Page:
Thursday, March 08, 2007
View of RRW from across The Pond
From The Economist print edition
But Congress may still have doubts about modernising America's bombs
WHEN George Bush first took office, he said he wanted to reduce the size of America's stockpile of nuclear warheads to the lowest number consistent with America's security and that of its allies. But since then Mr Bush has attracted controversy, rather than committed arms-controllers, to his cause. On March 2nd the National Nuclear Security Administration, the bit of the Energy Department that looks after America's bombs, announced the winner of a competition between weapons laboratories to design a “reliable replacement warhead” (RRW). If Congress gives the nod and the money, development could get under way next year. But why build more bombs if you want fewer of them? And what will all this mean for America's vast weapons complex?
It was Congress that first nudged the administration to explore the RRW idea. It had earlier scotched plans to develop a nuclear bunker-buster, fearing that the weapon would require testing and prove all too tempting to use. The aim of the RRW, by contrast, is not to develop a new nuclear weapon. All along, Congress has laid down the clear condition that it must avoid the need for testing too.
The design chosen was put forward by the Lawrence Livermore National Laboratory in California. It is based on a weapon that has already been tested but was never added to the stockpile. Some of its insides—not the explosive core—will be adapted to make it cheaper and easier to build, using less toxic materials (the old cold-war imperative to get the biggest bang for the smallest weight, so that multiple warheads could be mounted on each missile, drove scientists to push materials to the limit). Meanwhile the Livermore design, it has been decided, will also make use of elements of a rival bid by Los Alamos in New Mexico. These include mechanisms to reduce the likelihood that a stolen weapon could ever be put to terrorist use.
The administration's RRW-boosters argue that making nuclear warheads safer, cheaper and easier to build will also allow the “hedge” of thousands of nuclear warheads now held in reserve and for spares to be chopped drastically. But that also depends, in part, on a second element of the administration's plans: the consolidation of weapons-making facilities into a more modern, streamlined and responsive “complex 2030”, including new facilities to churn out “pits”—plutonium cores for bombs—at a faster clip, should they be needed to meet some unforeseen threat. Although building simpler and safer warheads may be done more cheaply, the saving will be far outweighed by the investment needed for such a reorganisation.
A big question also hangs over the future of Los Alamos, the loser in the RRW competition. It has long been argued that having two rival labs keeps the weaponeers on their toes—witness the somewhat hybrid result of the RRW competition. But scientists are no longer quite so sure about that. Los Alamos has had persistent problems of management and internal security that have lowered morale and led to something of a brain drain. Meanwhile a significant number of its nuclear scientists are heading for retirement.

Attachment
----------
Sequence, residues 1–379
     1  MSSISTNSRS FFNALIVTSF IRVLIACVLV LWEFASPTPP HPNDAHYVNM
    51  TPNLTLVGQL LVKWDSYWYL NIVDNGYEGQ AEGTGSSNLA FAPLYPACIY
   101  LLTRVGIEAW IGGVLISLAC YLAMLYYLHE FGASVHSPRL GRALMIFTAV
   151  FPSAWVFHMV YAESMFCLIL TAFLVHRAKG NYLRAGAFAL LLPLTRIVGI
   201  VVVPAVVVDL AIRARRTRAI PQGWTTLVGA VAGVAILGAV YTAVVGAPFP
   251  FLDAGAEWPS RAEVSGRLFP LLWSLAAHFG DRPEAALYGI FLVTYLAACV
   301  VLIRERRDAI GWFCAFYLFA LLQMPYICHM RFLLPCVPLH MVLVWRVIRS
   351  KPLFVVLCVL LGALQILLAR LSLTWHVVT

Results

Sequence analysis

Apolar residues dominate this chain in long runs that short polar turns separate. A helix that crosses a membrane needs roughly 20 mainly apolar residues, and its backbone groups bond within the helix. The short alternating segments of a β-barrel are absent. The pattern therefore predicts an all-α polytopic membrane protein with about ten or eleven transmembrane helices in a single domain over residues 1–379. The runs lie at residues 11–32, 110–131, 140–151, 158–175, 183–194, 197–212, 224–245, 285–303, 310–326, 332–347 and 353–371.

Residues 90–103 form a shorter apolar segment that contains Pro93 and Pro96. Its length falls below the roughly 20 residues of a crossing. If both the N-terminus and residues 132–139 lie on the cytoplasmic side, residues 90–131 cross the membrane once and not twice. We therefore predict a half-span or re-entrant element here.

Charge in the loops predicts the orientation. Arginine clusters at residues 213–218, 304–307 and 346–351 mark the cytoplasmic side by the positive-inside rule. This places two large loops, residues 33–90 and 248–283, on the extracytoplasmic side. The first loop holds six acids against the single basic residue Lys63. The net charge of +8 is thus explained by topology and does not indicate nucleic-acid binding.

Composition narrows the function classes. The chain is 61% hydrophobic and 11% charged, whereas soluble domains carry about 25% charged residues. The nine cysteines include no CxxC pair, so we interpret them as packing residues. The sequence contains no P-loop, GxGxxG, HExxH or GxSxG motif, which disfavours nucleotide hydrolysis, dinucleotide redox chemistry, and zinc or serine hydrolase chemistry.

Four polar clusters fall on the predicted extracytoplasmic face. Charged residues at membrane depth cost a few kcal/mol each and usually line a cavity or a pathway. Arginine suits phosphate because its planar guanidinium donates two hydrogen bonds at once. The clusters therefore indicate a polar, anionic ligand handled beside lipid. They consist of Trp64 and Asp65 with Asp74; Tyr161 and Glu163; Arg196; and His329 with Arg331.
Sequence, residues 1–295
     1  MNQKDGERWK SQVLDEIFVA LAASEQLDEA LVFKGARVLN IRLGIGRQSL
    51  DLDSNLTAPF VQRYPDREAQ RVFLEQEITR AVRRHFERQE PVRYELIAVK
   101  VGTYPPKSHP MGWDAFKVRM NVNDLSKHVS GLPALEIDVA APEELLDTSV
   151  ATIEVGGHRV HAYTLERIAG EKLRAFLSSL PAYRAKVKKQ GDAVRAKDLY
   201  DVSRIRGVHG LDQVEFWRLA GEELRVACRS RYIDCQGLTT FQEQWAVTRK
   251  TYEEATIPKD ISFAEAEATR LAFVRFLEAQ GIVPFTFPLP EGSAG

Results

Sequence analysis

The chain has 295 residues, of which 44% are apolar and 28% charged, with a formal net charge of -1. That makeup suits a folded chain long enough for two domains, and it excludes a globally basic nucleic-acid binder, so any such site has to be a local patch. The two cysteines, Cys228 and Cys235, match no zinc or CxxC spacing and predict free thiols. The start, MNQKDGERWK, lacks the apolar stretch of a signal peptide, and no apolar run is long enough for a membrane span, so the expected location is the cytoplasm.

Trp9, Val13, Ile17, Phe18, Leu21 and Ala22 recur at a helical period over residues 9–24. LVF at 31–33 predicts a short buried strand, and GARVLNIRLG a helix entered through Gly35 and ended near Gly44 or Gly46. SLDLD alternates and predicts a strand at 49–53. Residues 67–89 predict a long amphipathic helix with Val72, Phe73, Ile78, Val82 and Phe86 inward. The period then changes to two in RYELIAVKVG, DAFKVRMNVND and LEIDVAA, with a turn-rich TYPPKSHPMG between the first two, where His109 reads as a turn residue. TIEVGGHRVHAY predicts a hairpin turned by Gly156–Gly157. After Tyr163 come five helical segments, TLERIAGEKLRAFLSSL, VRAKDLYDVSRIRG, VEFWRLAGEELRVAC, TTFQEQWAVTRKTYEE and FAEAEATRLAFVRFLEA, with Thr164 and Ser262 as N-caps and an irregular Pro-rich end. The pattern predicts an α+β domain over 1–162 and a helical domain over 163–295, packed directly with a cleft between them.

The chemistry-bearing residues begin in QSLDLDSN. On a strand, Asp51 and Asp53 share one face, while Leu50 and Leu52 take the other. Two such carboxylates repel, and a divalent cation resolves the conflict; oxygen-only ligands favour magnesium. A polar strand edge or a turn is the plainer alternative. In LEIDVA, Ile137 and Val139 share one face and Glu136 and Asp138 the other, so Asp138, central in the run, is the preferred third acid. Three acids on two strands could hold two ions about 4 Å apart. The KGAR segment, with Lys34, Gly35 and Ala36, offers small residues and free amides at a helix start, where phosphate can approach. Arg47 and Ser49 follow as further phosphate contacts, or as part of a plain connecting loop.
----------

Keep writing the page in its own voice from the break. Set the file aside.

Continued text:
Even though Congress helped kick-start the RRW effort, it may have other reservations. A recent report discovered that the plutonium triggers of weapons deteriorate more slowly than had been feared, reducing the urgency of modernisation. And the labs have other ways to extend the life of existing weapons.
Keen to avoid the impression that their modernisation plans could spark a new arms race, administration officials point out that Russia, China, Britain and France all have their own modernisation efforts planned or under way. Meanwhile the dismantling of old warheads, as part of a treaty commitment with Russia to reduce each side's stockpile to no more than 1,700-2,200 deployed strategic weapons by 2012, is being speeded up. But Congress will not let itself be rushed.
| Copyright © 2007 The Economist Newspaper and The Economist Group. All rights reserved.|
[The Pond here is the BIG pond, not Ashley Pond Pond. --Pat.]
The writing is on the wall for all to see. There is no way that LANL can cover for this short-fall with outside work, especially given the way they have run up the cost of an FTE to absurd levels. We are going to see some drastic down-sizing at the labs, and it will probably begin next year and continue for the years that follow. The bad news just keeps on coming.
Los Alamos' new science chief defends lab - Santa Fe New Mexican, March 8
"About 58 percent of the northern New Mexico lab's work today deals with nuclear weapons. Wallace expects that to drop to about 33 percent within five years, prompting the lab to take on other projects to keep its science capabilities honed."
If the restructuring is not done quickly, I predict that within 5 years, most of the pure research will be gone. Hopefully folks doing that research now will be smart enough to figure out how to work together to set up nonprofits to do the work. The costs will be much less to the customer who will not be contributing to upper management's salaries.
Local nonprofits will benefit the community by retaining those who already live here, and as they retire from the nonprofits, others will be hired. We are all smart enough to figure out which division, the oldest at LANL, will be hit the hardest by the growth of nonprofits. But retaining the research and the people who do it is more important than retaining a division whose life to live right now is very short anyhow.